References:

  1. Carbone JW, Pasiakos SM. Dietary Protein and Muscle Mass: Translating Science to Application and Health Benefit. Nutrients. 2019;11(5):1136. Published 2019 May 22. doi:10.3390/nu11051136  
  2. Helms ER, Zinn C, Rowlands DS, Brown SR. A systematic review of dietary protein during caloric restriction in resistance trained lean athletes: a case for higher intakes. Int J Sport Nutr Exerc Metab. 2014 Apr;24(2):127-38. doi: 10.1123/ijsnem.2013-0054. Epub 2013 Oct 2. PMID: 24092765. 
  3. Krzysztofik M, Wilk M, Wojdała G, Gołaś A. Maximizing Muscle Hypertrophy: A Systematic Review of Advanced Resistance Training Techniques and Methods. Int J Environ Res Public Health. 2019;16(24):4897. Published 2019 Dec 4. doi:10.3390/ijerph16244897 
  4. Osilla EV, Safadi AO, Sharma S. Calories. [Updated 2021 Sep 15]. In: StatPearls [Internet]. Treasure Island (FL): StatPearls Publishing; 2021 Jan-. Available from: https://www.ncbi.nlm.nih.gov/books/NBK499909/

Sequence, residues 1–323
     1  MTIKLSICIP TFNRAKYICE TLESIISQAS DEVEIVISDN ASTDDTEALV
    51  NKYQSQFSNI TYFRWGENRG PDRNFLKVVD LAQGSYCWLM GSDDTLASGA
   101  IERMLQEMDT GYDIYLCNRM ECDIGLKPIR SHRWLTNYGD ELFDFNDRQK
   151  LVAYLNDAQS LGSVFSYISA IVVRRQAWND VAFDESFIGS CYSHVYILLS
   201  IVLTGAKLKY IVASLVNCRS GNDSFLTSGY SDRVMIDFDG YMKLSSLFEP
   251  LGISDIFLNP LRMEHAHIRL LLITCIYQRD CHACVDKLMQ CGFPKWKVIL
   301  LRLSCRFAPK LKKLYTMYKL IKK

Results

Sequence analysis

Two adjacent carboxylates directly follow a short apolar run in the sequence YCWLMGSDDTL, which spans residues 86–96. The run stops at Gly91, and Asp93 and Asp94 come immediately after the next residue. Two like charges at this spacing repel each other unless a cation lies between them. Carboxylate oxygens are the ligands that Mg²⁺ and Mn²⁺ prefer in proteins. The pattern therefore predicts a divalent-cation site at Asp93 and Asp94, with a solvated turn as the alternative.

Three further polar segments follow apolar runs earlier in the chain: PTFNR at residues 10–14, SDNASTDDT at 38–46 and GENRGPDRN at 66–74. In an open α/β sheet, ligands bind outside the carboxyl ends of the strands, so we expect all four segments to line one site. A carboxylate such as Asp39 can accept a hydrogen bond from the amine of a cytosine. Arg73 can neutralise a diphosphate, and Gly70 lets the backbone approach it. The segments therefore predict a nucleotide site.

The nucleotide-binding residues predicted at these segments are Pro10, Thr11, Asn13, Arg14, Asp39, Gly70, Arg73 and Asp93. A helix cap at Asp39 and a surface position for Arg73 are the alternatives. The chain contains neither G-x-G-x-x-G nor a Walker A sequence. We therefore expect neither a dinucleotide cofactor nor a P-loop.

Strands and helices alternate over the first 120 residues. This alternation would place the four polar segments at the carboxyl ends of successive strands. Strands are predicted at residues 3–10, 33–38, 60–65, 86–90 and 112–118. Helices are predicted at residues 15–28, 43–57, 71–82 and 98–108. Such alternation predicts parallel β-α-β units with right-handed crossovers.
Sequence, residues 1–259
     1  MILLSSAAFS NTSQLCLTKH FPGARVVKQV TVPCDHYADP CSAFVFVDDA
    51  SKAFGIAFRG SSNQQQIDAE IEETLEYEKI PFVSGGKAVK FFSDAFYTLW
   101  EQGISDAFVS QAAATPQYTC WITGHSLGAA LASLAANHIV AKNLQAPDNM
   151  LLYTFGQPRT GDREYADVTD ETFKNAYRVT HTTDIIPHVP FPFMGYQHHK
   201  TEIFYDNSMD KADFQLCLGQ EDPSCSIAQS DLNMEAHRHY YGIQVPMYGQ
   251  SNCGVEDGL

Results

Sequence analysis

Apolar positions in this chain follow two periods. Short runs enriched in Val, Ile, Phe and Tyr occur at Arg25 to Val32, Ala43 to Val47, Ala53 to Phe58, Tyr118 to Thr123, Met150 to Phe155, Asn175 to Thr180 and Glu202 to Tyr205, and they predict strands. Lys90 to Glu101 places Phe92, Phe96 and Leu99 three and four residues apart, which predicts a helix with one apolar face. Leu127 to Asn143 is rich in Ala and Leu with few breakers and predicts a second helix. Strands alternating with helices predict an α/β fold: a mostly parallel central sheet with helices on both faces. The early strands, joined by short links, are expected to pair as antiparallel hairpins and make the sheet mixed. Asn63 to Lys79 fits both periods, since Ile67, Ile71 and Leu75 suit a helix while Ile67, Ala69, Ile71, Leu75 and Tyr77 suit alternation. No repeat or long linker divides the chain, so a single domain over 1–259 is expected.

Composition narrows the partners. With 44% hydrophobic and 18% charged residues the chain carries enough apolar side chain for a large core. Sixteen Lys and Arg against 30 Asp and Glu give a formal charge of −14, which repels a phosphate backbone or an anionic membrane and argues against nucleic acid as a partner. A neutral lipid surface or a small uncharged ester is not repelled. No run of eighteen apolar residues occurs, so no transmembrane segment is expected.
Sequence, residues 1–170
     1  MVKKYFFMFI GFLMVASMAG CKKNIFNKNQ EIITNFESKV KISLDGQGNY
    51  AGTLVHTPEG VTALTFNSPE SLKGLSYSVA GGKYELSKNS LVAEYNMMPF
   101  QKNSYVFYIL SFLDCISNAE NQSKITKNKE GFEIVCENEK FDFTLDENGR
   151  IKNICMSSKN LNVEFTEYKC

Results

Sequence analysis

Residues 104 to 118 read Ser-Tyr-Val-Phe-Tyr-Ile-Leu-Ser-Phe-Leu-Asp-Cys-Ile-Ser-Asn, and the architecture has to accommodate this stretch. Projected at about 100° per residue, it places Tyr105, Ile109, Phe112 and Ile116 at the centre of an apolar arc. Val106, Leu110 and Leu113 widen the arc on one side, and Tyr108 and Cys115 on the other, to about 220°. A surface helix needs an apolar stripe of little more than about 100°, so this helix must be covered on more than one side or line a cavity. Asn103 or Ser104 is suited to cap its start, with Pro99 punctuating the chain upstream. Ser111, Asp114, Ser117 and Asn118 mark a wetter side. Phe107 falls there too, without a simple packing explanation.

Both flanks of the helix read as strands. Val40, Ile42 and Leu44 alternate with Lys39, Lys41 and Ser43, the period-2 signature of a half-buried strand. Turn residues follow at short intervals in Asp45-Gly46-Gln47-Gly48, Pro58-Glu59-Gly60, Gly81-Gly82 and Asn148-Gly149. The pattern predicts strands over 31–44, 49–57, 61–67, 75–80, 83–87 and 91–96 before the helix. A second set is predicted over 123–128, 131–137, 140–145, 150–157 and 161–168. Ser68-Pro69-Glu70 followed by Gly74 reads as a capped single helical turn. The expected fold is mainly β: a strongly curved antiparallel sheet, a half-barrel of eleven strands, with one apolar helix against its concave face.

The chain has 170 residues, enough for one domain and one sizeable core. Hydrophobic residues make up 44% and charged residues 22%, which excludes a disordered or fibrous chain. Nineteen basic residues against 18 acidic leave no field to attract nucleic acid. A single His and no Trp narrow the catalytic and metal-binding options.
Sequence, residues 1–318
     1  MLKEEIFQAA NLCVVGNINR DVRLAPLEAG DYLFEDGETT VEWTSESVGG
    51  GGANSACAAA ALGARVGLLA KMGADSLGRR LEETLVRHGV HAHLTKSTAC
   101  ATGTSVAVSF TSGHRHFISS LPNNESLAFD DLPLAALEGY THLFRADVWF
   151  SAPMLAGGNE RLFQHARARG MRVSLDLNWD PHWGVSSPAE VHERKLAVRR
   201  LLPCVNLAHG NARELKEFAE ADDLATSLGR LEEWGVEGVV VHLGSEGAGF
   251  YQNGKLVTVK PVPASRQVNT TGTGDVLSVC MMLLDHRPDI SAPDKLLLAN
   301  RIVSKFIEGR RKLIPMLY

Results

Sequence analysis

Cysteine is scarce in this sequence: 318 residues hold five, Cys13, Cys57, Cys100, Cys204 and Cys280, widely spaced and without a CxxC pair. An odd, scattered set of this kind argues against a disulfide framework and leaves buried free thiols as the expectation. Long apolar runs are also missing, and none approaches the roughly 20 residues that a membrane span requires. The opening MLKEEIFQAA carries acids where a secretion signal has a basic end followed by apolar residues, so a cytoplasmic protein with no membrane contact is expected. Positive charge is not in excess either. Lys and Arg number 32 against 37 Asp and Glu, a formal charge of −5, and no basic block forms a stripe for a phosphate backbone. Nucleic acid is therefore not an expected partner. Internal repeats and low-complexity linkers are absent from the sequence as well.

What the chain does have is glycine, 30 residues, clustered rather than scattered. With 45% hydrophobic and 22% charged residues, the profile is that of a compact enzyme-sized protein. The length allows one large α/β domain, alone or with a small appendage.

5. Paddon-Jones D, Westman E, Mattes RD, Wolfe RR, Astrup A, Westerterp-Plantenga M. Protein, weight management, and satiety. Am J Clin Nutr. 2008 May;87(5):1558S-1561S. doi: 10.1093/ajcn/87.5.1558S. PMID: 18469287. 
  6. Pesta DH, Samuel VT. A high-protein diet for reducing body fat: mechanisms and possible caveats. Nutr Metab (Lond). 2014;11(1):53. Published 2014 Nov 19. doi:10.1186/1743-7075-11-53 
  7. Westerterp-Plantenga MS, Lemmens SG, Westerterp KR. Dietary protein - its role in satiety, energetics, weight loss and health. Br J Nutr. 2012 Aug;108 Suppl 2:S105-12. doi: 10.1017/S0007114512002589. PMID: 23107521.